The reason of laying stress
And Sagarika has laid stress on this very point. And the reason of her laying stress is that the police raid a house and detain whomsoever they like; then they do not say where and how the accused are, not to say of mentioning of the causes of the detention. It has also been observed that the police pick up a person in the dead of night and many days later claim that they have arrested him at some railway station or bus stand. Then they also claim to have seized from him “solid documental proof”; and these “proofs” are the ones they prepare during the period from the day of picking up and the day of claiming his arrest. – But it is not that easy for the police to accept Sagarika’s demand of transparency. For, this mentality and this strategy are not only of the police and other government agencies; there might be state policy behind it. If the police had not been bad-intentioned and they indeed had the proofs, they must have revealed them at the very first instance as this is their need as well. It is necessary that a delegation comprising Muslim leaders, human rights activists, justice-loving members of the civil society and analysts like Sagarika Ghose talks to the Home Ministry in this regard.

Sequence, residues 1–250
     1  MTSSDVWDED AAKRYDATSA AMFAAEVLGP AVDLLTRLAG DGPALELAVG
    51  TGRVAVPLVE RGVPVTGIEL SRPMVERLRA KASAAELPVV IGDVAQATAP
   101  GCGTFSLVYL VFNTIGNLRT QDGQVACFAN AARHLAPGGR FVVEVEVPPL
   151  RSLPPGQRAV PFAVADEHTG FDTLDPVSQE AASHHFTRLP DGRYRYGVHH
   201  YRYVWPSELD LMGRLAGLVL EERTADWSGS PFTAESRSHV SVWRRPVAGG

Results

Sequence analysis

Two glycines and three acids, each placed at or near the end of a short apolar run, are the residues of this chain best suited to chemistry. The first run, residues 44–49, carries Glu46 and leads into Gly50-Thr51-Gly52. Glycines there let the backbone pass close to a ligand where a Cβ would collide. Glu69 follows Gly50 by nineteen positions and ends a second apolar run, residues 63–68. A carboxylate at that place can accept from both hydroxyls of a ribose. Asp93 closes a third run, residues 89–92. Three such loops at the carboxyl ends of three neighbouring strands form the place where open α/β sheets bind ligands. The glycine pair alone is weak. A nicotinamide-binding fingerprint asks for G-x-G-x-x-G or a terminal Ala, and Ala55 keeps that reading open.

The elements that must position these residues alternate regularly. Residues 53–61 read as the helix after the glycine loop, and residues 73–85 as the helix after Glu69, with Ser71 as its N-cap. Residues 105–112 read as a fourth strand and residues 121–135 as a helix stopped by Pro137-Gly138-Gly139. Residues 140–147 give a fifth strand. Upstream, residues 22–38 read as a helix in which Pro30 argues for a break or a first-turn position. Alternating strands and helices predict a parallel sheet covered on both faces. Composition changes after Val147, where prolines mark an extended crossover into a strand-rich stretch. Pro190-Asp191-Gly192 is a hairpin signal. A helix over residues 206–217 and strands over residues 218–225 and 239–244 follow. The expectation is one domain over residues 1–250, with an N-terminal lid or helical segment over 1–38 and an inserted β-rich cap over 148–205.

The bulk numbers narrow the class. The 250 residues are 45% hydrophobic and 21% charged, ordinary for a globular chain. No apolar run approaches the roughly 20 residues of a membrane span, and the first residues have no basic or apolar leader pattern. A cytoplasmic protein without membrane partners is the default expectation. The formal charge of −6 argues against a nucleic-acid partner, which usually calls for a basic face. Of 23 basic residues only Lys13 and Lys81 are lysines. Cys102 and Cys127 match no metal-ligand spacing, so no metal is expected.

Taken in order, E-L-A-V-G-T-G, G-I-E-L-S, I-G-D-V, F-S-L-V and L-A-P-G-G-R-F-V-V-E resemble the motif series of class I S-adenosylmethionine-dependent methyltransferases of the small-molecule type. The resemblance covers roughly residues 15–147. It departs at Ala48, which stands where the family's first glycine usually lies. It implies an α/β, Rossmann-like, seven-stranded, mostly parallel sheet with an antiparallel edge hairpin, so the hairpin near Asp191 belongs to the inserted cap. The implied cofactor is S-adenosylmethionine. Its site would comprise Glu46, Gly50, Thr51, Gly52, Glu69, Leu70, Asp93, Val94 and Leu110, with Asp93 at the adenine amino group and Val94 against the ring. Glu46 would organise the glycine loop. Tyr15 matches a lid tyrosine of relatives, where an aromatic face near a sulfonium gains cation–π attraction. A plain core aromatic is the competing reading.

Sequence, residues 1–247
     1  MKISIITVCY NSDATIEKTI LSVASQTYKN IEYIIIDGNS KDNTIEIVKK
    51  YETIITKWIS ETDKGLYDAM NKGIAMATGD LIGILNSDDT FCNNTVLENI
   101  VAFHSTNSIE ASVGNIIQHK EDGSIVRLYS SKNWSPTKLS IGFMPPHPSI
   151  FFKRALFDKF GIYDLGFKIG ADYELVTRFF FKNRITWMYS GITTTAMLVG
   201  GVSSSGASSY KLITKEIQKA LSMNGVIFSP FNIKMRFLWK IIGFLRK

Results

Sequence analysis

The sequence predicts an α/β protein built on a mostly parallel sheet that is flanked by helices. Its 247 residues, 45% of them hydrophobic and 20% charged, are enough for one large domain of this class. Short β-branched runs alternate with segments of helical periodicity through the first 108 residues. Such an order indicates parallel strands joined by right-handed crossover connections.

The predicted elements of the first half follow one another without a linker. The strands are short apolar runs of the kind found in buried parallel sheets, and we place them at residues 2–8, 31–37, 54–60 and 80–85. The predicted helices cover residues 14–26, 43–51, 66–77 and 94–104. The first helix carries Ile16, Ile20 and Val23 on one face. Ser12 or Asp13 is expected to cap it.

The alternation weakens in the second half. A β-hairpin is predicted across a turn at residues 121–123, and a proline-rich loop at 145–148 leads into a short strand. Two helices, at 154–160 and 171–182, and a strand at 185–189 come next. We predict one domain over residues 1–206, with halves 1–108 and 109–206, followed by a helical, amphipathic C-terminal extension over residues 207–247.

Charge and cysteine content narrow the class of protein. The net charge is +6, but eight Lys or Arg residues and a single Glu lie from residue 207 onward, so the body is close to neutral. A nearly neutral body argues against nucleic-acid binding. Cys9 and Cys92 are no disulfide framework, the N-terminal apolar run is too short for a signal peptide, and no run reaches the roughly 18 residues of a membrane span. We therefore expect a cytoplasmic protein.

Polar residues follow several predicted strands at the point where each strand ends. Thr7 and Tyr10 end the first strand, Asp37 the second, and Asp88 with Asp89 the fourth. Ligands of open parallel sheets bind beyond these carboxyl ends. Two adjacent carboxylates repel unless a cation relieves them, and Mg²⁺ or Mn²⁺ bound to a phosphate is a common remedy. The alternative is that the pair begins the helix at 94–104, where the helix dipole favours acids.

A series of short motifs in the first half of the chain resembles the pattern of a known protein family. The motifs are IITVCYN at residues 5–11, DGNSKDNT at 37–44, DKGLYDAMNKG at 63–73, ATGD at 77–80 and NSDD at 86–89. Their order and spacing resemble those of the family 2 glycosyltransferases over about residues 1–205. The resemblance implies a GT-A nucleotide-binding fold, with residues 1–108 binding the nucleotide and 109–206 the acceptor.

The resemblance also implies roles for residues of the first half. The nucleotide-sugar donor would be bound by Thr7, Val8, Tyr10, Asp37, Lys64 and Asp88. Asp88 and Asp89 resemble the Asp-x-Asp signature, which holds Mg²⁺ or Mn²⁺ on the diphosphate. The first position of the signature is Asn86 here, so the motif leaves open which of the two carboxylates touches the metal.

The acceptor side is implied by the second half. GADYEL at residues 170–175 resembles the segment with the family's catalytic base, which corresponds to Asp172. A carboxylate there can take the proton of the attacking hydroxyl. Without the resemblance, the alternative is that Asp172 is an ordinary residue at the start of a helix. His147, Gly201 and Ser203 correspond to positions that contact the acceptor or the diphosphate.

22/03/13 khabar-O-Nazar by Parwaaz Rahmani, sehrozaDAWAT, translated by: Abu Yusuf


The commentary awaited